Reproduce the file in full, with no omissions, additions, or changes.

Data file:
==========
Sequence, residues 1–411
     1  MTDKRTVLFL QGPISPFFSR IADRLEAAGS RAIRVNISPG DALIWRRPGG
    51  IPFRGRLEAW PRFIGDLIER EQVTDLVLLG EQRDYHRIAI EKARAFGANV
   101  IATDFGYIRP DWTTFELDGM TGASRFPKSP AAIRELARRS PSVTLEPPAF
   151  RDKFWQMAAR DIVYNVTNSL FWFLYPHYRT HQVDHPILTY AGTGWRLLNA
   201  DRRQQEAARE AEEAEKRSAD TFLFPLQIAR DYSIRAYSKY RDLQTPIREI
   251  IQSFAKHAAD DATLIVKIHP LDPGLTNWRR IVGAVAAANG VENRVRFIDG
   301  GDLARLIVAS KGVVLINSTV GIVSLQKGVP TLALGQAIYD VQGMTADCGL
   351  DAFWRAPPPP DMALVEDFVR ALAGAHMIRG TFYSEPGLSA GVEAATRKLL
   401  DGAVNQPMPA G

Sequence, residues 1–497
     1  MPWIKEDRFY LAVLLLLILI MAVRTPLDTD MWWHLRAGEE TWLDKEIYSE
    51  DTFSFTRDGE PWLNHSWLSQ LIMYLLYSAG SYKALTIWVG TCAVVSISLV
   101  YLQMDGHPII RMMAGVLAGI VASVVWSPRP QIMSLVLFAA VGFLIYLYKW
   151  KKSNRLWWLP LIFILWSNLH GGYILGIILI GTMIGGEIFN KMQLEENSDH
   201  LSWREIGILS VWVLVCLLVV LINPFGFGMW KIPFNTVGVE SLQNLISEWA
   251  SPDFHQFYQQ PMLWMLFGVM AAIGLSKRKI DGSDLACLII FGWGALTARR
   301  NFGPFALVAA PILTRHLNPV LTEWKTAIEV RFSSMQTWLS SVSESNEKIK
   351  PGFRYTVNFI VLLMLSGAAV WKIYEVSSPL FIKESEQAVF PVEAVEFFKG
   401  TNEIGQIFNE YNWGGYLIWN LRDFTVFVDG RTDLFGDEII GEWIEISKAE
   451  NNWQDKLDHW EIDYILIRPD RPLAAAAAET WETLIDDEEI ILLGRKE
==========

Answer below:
Sequence, residues 1–411
     1  MTDKRTVLFL QGPISPFFSR IADRLEAAGS RAIRVNISPG DALIWRRPGG
    51  IPFRGRLEAW PRFIGDLIER EQVTDLVLLG EQRDYHRIAI EKARAFGANV
   101  IATDFGYIRP DWTTFELDGM TGASRFPKSP AAIRELARRS PSVTLEPPAF
   151  RDKFWQMAAR DIVYNVTNSL FWFLYPHYRT HQVDHPILTY AGTGWRLLNA
   201  DRRQQEAARE AEEAEKRSAD TFLFPLQIAR DYSIRAYSKY RDLQTPIREI
   251  IQSFAKHAAD DATLIVKIHP LDPGLTNWRR IVGAVAAANG VENRVRFIDG
   301  GDLARLIVAS KGVVLINSTV GIVSLQKGVP TLALGQAIYD VQGMTADCGL
   351  DAFWRAPPPP DMALVEDFVR ALAGAHMIRG TFYSEPGLSA GVEAATRKLL
   401  DGAVNQPMPA G

Sequence, residues 1–497
     1  MPWIKEDRFY LAVLLLLILI MAVRTPLDTD MWWHLRAGEE TWLDKEIYSE
    51  DTFSFTRDGE PWLNHSWLSQ LIMYLLYSAG SYKALTIWVG TCAVVSISLV
   101  YLQMDGHPII RMMAGVLAGI VASVVWSPRP QIMSLVLFAA VGFLIYLYKW
   151  KKSNRLWWLP LIFILWSNLH GGYILGIILI GTMIGGEIFN KMQLEENSDH
   201  LSWREIGILS VWVLVCLLVV LINPFGFGMW KIPFNTVGVE SLQNLISEWA
   251  SPDFHQFYQQ PMLWMLFGVM AAIGLSKRKI DGSDLACLII FGWGALTARR
   301  NFGPFALVAA PILTRHLNPV LTEWKTAIEV RFSSMQTWLS SVSESNEKIK
   351  PGFRYTVNFI VLLMLSGAAV WKIYEVSSPL FIKESEQAVF PVEAVEFFKG
   401  TNEIGQIFNE YNWGGYLIWN LRDFTVFVDG RTDLFGDEII GEWIEISKAE
   451  NNWQDKLDHW EIDYILIRPD RPLAAAAAET WETLIDDEEI ILLGRKE